Directed by: Dean DeBlois and Chris Sanders (Lilo & Stitch)
Starring: (Voices) Jay Baruchel, Gerard Butler, Craig Ferguson, America Ferrera, Jonah Hill
While it might be less clever, less involving and certainly less moving than the previous film from Dean DeBlois and Chris Sanders, Lilo & Stitch (2002), their latest, How to Train Your Dragon, is still very, very good. It’s brightly colored, beautifully directed, exciting, entertaining and charming—with little hint of postmodern smugness. It’s also amusing and boasts a worthy lesson in tolerance. And it is moving—just not as moving as their first film.
I’d felt that was the case right after watching How to Train Your Dragon, so the morning after I saw it, I put my view to the test by re-watching Lilo & Stitch. Where Dragon moved me, I found myself wiping at my eyes during Stitch’s “This is my family” speech—just as I have every time I’ve seen the film. Even if I could dissect exactly what the difference is, I don’t think I would. I put it down to a certain kind of magic that Lilo & Stitch has that Dragon gets close to, but never quite attains. However, what it does do should not be dismissed lightly.
Dragon concerns a young Viking with the improbable but apt name of Hiccup (Jay Baruchel), who lives in an uninviting land lorded over by hulky, bulky Scottish-accented Vikings. Why they have Scottish accents I don’t know anymore than I know why their offspring don’t have them. (Possibly a Norwegian dialect was outside Gerard Butler’s range.) Hiccup is the very antithesis of these large warriors, being small, thin and sensitive—and this despite the fact that his father, Stoick (Gerard Butler), is the chief Viking and very keen on killing dragons. That’s not an incomprehensible desire considering the fire-breathing beasts tend to specialize in constantly destroying the village and making off with the inhabitants’ livestock. Actually, Hiccup would be glad to kill dragons—or so he thinks—but he isn’t exactly built for it.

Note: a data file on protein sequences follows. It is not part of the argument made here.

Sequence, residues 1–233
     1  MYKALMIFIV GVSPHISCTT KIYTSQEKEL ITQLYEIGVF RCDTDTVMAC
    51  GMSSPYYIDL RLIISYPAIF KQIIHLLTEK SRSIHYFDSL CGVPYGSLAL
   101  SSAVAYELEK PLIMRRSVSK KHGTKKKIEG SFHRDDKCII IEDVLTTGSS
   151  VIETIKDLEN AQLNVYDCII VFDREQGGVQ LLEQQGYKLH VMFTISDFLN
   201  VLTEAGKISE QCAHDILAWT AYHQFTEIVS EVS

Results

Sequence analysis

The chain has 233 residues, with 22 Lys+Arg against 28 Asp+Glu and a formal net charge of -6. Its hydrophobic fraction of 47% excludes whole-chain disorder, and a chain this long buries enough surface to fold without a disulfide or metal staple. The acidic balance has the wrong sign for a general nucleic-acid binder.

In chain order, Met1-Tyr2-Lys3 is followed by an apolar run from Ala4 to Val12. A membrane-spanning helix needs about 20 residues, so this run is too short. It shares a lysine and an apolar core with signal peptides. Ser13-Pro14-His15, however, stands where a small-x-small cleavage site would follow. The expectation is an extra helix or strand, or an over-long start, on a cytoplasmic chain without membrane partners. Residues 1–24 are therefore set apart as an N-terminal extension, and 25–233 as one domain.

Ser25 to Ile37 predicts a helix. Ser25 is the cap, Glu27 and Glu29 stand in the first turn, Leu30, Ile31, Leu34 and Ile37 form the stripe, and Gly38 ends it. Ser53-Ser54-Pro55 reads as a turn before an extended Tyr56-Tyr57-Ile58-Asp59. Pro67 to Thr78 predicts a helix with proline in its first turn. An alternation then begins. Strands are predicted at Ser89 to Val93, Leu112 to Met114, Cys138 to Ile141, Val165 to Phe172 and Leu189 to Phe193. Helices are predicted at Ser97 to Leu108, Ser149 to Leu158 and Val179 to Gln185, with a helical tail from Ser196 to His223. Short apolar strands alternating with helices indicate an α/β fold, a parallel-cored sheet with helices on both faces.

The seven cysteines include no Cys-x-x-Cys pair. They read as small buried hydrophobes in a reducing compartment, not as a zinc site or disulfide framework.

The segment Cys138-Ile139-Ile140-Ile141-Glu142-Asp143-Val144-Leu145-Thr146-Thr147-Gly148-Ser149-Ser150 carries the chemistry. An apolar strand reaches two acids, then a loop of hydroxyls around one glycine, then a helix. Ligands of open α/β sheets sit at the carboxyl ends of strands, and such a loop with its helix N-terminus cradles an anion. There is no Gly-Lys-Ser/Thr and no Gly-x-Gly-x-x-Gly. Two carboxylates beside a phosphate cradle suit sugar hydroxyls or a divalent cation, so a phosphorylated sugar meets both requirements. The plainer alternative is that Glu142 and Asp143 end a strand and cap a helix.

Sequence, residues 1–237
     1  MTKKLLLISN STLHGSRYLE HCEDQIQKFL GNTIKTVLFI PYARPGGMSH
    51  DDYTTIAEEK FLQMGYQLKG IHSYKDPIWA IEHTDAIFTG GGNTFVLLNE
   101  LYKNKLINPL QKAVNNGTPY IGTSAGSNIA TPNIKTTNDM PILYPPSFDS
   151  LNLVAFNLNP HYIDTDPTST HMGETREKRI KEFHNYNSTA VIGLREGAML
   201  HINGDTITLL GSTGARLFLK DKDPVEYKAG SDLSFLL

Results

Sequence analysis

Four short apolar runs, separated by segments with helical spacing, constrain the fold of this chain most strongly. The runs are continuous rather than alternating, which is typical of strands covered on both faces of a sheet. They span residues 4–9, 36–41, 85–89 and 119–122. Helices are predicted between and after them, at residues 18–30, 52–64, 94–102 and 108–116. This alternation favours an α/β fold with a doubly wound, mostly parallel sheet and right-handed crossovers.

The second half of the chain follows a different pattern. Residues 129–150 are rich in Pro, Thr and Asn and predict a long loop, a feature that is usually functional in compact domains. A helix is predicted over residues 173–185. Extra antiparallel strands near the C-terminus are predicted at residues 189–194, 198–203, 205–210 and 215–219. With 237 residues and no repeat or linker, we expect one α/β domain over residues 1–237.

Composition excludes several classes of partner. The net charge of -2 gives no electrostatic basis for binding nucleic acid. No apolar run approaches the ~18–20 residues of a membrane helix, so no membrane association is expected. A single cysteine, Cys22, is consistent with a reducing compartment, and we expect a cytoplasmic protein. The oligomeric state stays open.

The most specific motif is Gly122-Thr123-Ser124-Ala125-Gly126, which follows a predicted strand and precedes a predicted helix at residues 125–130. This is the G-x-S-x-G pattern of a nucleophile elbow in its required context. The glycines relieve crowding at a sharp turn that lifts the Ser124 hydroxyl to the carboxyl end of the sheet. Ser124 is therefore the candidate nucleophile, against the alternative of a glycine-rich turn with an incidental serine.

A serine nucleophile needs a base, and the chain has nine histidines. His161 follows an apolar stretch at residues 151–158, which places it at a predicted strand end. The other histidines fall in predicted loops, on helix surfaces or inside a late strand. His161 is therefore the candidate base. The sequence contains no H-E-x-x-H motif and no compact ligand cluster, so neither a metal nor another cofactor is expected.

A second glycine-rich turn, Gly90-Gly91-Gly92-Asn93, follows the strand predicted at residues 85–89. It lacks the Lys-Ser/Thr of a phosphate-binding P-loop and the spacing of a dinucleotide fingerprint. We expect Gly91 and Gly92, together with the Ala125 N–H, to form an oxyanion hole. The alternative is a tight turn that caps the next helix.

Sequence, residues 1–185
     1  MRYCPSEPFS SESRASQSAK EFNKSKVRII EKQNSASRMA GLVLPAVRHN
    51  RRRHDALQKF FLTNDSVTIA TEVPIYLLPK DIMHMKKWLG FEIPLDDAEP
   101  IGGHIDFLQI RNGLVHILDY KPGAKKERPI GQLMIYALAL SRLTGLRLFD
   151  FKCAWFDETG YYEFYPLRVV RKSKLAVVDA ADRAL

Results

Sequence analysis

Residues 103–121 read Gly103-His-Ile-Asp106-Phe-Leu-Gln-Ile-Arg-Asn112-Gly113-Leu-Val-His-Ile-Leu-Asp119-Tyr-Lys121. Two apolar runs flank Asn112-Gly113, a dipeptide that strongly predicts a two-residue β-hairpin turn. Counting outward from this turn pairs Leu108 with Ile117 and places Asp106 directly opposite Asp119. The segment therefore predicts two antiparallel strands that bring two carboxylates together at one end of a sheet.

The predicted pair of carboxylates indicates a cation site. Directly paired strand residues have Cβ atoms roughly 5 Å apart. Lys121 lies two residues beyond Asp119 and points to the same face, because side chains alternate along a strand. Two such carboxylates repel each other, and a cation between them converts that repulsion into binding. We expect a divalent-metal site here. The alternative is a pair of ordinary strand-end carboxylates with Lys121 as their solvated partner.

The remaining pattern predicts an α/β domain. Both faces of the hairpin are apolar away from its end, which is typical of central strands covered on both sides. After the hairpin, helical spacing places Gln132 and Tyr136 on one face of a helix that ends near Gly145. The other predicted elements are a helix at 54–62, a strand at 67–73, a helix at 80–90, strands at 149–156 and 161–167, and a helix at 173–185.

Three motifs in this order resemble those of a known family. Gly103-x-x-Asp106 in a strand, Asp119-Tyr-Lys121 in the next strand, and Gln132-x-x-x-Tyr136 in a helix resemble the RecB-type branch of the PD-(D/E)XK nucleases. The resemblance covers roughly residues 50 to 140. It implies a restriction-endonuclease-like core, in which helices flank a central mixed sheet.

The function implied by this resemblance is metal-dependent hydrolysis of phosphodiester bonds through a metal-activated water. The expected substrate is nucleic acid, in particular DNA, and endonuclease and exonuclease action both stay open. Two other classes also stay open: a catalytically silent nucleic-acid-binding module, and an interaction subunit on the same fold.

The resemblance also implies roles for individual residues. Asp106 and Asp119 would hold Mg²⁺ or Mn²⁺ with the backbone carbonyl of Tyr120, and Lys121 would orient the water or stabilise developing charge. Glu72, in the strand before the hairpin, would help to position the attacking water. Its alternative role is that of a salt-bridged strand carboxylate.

Everything changes when a contraption of his manages to bring down no mere dragon, but a kind of dragon no one has ever seen—and which they dread more than any other because of that. But Hiccup hasn’t killed the animal, merely damaged it, leaving it unable to fly. When he attempts to finish it off, he finds he can’t bring himself to do it. So begins his friendship with the dragon, his attempts to repair the damage he caused, and his discovery that dragons aren’t anything like everyone thinks.
Once the film establishes this, it doesn’t do anything particularly surprising in terms of story—apart perhaps from the reasons behind the dragons’ destructive nature and their raids on the livestock. However, it traverses its unsurprising path with great skill. And it delivers its message—about the wrong-headedness of hating and fearing something or someone based on ignorance and merely because you’ve been told to—with clarity and without preachiness. That’s a reasonably significant accomplishment in itself. Add the beauty of its visuals, some pleasant comedy and a very good—often somewhat unusual—score by John Powell (who must like Ralph Vaughan Williams’ “The Lark Ascending” a great deal), and you end up with a pretty darn good time at the movies. Rated PG for sequences of intense action and some scary images, and brief mild language.